Published October 23, 2012
In the wake of tight credit markets, crowdfunding -- also known as crowdsourcing -- arose as a source to provide capital to startups, especially the creative types. This new form of equity financing enables a company to raises funding through small contributions from a large group of individuals via an online platform. Essentially, an entrepreneur makes an online pitch to a virtual audience, which then decides whether or not to support the venture by pledging money towards it.
Here's how it works: an entrepreneur posts a description of his or her project, product or service, outlines the business plan, proposes the amount of capital needed, and explains what contributors will receive in return. Retail businesses sometimes provide product in return for the funds they provide. (You give me startup funding for my bakery, and I will deliver gourmet cupcakes to you for the next 10 Fridays.) Other times, the entrepreneurs pledge cash repayment or they may offer an equity stake in the venture.
In April 2012, President Obama signed the Jumpstart Our Business Startups Act (JOBS Act) intended to spur economic growth by enabling small businesses to raise capital more easily. Title III of the legislation is known as the Crowdfunding Act, which amends the registration requirements of the Securities Act of 1933. The new law thus enables start-ups to raise small amounts of equity capital through crowdfunders without having to register with the SEC. (The online platforms themselves must be registered, however.) The maximum amount of securities that a company can sell to its investors cannot exceed $1 million during a 12-month period. The Crowdfunding Act is still a work in progress; its provisions have not been finalized.
Meanwhile, a crowdfunding portal is not permitted to provide investment advice or make recommendations; cannot compensate lead generators for providing the crowdsourcing platform with the personal information of any potential investor; and its directors (or any person with a similar status or function) must not have a financial interest in any issuer that utilizes the services of the crowdsourcing platform.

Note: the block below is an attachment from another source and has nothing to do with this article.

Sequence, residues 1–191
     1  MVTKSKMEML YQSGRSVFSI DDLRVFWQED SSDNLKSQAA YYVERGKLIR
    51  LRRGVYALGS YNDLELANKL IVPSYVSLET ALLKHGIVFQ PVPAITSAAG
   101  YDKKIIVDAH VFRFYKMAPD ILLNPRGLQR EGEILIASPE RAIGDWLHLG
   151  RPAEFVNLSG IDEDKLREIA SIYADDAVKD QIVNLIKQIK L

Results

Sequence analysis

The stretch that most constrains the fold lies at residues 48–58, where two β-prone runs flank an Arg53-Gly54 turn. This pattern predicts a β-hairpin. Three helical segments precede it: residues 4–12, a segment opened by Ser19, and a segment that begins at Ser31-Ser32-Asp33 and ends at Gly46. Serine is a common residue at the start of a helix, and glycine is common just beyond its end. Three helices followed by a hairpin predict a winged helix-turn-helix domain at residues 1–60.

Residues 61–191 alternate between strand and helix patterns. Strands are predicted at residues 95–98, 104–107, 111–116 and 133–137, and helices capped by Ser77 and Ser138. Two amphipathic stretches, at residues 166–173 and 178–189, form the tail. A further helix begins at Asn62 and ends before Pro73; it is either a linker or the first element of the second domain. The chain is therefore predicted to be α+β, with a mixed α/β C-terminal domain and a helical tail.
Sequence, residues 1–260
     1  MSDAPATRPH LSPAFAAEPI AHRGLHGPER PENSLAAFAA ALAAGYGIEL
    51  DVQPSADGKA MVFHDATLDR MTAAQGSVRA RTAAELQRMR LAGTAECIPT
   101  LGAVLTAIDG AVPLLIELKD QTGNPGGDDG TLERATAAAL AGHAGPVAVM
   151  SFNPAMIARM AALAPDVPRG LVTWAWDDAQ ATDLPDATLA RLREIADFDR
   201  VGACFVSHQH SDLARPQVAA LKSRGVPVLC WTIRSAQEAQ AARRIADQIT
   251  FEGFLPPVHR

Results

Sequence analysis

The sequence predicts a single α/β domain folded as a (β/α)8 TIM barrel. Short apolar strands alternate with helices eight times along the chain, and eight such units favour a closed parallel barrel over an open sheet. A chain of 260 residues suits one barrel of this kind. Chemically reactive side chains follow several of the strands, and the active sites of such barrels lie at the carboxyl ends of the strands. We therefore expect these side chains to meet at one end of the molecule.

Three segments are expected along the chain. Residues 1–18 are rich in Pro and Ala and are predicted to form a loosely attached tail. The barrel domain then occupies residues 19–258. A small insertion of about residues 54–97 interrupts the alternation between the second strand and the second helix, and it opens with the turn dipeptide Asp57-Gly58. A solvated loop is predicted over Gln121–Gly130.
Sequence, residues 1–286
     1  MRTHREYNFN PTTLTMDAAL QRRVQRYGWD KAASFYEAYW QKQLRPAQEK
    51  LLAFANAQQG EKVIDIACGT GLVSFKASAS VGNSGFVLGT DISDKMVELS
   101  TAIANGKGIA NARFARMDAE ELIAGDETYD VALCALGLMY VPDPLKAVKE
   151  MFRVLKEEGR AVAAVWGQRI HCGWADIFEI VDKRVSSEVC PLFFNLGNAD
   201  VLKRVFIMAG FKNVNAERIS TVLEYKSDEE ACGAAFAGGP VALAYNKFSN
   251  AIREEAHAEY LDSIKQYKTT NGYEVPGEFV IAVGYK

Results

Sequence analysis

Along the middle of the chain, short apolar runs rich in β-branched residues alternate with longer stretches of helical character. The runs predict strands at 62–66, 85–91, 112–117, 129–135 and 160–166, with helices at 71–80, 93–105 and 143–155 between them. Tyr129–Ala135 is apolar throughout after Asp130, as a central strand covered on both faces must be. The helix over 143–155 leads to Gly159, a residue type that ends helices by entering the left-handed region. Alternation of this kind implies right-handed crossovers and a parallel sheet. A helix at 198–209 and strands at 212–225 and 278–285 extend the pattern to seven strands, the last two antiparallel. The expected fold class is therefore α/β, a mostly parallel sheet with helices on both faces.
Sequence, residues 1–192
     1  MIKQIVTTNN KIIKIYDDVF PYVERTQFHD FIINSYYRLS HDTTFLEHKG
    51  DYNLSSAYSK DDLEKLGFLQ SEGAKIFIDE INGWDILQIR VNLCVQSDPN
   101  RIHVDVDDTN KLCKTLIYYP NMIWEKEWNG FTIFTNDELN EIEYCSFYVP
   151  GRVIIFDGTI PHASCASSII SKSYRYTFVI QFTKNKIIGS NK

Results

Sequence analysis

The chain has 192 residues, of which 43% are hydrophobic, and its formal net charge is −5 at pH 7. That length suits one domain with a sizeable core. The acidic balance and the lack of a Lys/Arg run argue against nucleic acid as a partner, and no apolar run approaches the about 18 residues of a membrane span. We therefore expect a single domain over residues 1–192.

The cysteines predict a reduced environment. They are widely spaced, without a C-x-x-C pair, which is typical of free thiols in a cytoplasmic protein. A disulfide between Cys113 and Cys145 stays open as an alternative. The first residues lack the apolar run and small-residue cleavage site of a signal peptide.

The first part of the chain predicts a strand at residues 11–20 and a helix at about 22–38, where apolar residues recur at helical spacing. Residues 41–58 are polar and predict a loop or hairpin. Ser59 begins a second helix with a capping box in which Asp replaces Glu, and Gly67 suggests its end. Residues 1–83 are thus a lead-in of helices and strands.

Once thought of as a fad, it is estimated that more than $1 billion will be made available to companies through crowd-funding platforms. Kickstarter alone has channeled $100 million and launched 30,000 projects at about a 46% success rate. IndieGoGo is another large crowdfunding website. Founded in 2008, the crowdsourcing pioneer has helped raise millions of dollars for tens of thousands of campaigns in 194 countries. RocketHub is another leading crowdfunding site for artists that has gotten a lot of press attention.
Other crowdfunders fill niches. For instance, StartSomeGood helps raise funds for social causes and charitable initiatives. This is all very innovative, however in my opinion crowdfunding has its drawbacks.
No. 1: Crowdfunding works best for projects that require relatively small amounts of capital.
This method of raising money may prove inadequate for larger ventures requiring millions of dollars worth of financing. Although it can be done, such was the case with Pebble Watches, but it doesn't happen often and can be quite challenging. Serious, established businesses should look for other methods of funding.
Further, some companies promise repayment in product, as Pebble Watch did. Now they have to provide thousands of people with product, distribution has been delayed by months, and Pebble funders are wondering if they will ever get their watches. Making a product and distributing it involves costs. It's easier to make wire transfer payments.